Merike Sule-Trubert (Estonia)



Drawing as a Creative Morning Exercise

Merike Sule-Trubert

The potential of drawing as a tool of creativity and an aid for registering ideas is unquestionable, especially for art students and artists. Drawing continues to serve as the most popular field of creation among different age groups, including people not involved in arts. The mentioned qualities of drawing meet the needs and expectations of people working in different fields. Its flexibility and possibility to create or register using very simple and inexpensive materials are the main advantages of drawing. The diversity of the discipline enables everybody to find the appropriate media, style and aspect of drawing.
My point of view concentrates on my new experience with a specific age group – secondary school level students (15-19 years old). I proposed an elective course Creative Drawing that combined different exercises of sketching, abstract creation and life drawing. The aim of the course was to enhance students’ creativity and offer a channel for their urge of self-expression. The lessons were carried out in the ordinary school classroom and with a minimal budget for materials. The diverse complex of exercises enabled to meet the different expectations of students. From my previous experience of teaching art students I was rather skeptical about the time of the course as all the lessons were the first lessons early in the morning. The feedback of the students in the end of the course was a surprise as practically all students pointed out the good timing, they preferred to wake up their mind with drawing and continue with the more complicated subjects afterwards. In addition to the overall positive feedback many students expressed their interest to continue with a similar course next year.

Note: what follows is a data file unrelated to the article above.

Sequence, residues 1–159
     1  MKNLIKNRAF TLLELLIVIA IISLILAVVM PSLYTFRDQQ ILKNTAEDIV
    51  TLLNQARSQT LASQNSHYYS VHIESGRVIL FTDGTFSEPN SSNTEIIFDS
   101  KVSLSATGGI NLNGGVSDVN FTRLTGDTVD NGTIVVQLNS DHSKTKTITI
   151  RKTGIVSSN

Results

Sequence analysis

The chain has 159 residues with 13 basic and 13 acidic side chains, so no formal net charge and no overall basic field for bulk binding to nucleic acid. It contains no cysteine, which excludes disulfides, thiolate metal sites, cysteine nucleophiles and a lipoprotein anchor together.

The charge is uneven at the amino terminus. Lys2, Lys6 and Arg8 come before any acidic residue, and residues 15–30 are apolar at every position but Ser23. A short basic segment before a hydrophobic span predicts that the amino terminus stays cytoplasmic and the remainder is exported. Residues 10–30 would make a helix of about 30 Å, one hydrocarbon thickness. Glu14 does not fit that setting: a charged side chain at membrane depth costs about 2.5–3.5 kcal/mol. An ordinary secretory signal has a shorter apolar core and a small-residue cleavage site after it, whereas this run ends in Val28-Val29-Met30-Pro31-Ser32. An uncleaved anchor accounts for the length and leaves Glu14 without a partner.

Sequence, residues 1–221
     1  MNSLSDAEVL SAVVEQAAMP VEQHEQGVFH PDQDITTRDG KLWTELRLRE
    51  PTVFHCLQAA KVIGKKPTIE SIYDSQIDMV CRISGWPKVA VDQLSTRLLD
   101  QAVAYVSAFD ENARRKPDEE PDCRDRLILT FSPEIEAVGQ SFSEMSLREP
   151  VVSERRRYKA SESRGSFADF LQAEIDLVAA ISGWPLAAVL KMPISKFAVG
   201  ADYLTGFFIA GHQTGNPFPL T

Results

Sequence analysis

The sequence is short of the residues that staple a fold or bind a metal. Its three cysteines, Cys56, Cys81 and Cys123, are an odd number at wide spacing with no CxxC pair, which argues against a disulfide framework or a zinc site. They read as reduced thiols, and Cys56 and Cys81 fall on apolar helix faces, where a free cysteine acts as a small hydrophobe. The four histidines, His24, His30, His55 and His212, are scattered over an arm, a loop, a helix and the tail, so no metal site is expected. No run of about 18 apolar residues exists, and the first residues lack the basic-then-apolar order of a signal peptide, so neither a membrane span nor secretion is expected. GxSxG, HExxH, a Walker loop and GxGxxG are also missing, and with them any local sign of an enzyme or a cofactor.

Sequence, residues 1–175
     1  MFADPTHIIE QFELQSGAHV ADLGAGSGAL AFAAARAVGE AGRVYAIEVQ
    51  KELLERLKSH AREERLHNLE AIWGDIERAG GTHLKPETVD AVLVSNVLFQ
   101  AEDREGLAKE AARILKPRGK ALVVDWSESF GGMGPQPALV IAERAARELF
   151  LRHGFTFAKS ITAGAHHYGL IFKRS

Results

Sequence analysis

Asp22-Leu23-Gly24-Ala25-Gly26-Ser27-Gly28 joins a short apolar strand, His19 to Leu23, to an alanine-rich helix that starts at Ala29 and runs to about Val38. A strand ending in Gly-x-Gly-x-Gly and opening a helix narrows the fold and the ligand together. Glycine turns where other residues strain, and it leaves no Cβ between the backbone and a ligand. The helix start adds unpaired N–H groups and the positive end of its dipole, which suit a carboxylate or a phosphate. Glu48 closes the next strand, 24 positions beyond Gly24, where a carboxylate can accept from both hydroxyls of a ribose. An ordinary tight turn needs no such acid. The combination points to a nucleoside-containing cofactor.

The depicted experience shows that drawing can serve as a pleasant morning exercise. Young people need a channel to express their ideas and feelings.